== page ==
AFTER THE INF TREATY, WHAT'S NEXT?
RIP INF Treaty, an Agreement Violated in Moscow and Buried in Washington
While public attention was focused on the Intermediate-Range Nuclear Forces (INF) treaty, little noted was the 17 January Missile Defense Review (MDR), which outlines the United States’ current ability to protect its citizens and allies against possible ballistic, cruise, and hypersonic missile threats posed by Russia, China, and the “rogue states” of Iran and North Korea. The response from Russia has been one of alarm driven in part by the Review’s reclassification of the Kremlin from a possible partner to a potential threat – a sharp pivot reflecting the deteriorating relationship between Washington and Moscow.
The 2019 Review takes a much tougher line toward dealing with threats to the United States than the previous version of the report released in 2010. The earlier report did not suggest that the United States considered methods that “will degrade, disrupt, or destroy an adversary’s missiles before they are launched”—also known as attack operations. The new edition includes an entire section dedicated to these methods, which are to be used in case diplomacy and deterrence do not succeed. The report also mentions that they can be used in a conflict with “a rogue state.” Towards relations with Russia specifically, the 2010 and 2019 MDRs present two completely different assessments. The earlier edition highlighted Russia’s role as a potential partner in missile defense. It went so far as to say, “with Russia, it [the Administration] is pursuing a broad agenda focused on shared early warning of missile launches, possible technical cooperation, and even operational cooperation.” By contrast, the 2019 assessment highlights Russia’s “revisionist” tendencies and reminds readers of the Kremlin’s illegal occupation of foreign territory, attempts to destabilize Western democracies, and repeated threats of a nuclear first strike against U.S. allies.
The Russian Foreign Ministry strongly criticized the MDR, issuing a press release referring to it as “provoking concern,” “frankly confrontational in nature,” and “irresponsible.” It warned of the destabilizing effect that the proposed U.S. actions would have on international security and said that they would inevitably lead to the beginning of what it called “a new arms race.” Within hours of the MDR release, Russian news sources published articles claiming that the U.S. was attempting to start a second Star Wars – a reference to the Cold War-era Strategic Defense Initiative.
What apparently is of particular concern to the Kremlin is the MDR’s repeated assertion that “the United States will not accept any limitations on the development or deployment of missile defense capabilities.” This statement, while powerful on its own, carries additional importance due to the recent announcement that the U.S. will be leaving the 1987 INF Treaty due to alleged Russian violations surrounding the SSC-8/9M729 cruise missile. Without the INF, the United States would be free to install more advanced missiles and missile defense systems in Europe—something the Kremlin could not easily match. Thus, the aforementioned statement from the Russian Foreign Ministry ends with language recognizing “the clear need for a full-format Russian-American dialogue related to arms control and international security” and to say that “they are ready for such a format.”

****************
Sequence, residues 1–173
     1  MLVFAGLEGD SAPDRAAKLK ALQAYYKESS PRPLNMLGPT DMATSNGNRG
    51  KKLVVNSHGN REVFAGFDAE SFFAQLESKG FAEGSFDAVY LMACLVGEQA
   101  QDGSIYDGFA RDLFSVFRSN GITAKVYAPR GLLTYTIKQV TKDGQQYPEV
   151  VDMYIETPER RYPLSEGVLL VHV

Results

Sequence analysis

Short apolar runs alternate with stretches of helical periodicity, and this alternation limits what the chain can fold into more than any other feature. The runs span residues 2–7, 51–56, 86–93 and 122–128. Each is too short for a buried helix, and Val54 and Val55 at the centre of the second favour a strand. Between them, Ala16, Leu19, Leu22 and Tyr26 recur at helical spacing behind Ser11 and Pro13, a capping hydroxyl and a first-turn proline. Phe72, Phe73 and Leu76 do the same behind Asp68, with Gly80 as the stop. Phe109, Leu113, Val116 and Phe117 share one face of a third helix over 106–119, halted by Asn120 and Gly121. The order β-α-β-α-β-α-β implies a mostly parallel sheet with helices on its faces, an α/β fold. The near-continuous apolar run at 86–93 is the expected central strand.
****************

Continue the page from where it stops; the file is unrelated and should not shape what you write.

Following last week’s NATO-Russia Council meeting convened to discuss the fate of the INF Treaty, the Kremlin reiterated its claimed desire for a new bilateral talks regarding missiles and missile defense. According to Russian sources, Russian representatives at the meeting stressed the need to work together with the United States to iron out their differences. These calls for renewed discussion suggest that the Kremlin might be willing to make concessions. Moscow, for example, might be willing to reassure Washington's concerns regarding the SSC-8/9M729 cruise missile, the nuclear-capable Iskander ballistic missile systems, or the newly proposed hypersonic glide vehicle, the Avangard, which could evade current U.S. missile defenses. However, it is at least as likely that the Kremlin’s cooperative tone at the Council was part of a strategy intended to use the negotiating table as a way to bargain away the technological and resource advantages possessed by the United States.
On 1 February, President Trump announced that the United States is ready to withdraw from the INF treaty, beginning a six-month process of extraction. During this period, Moscow is likely to put forward additional proposals to get Washington to remain in the agreement as well as continue to develop countermeasures to deal with what it considers a more threatening strategic environment. These measures could include Kremlin propaganda campaigns to cast doubt on U.S. intentions and heighten European skepticism for Washington’s strategic plans to withdraw from the INF.
Europe's Edge is an online journal covering crucial topics in the transatlantic policy debate. All opinions are those of the author and do not necessarily represent the position or views of the institutions they represent or the Center for European Policy Analysis.
Photo: “Military parade on Red Square” by kremlin.ru
Donald N. Jensen
1 February 2019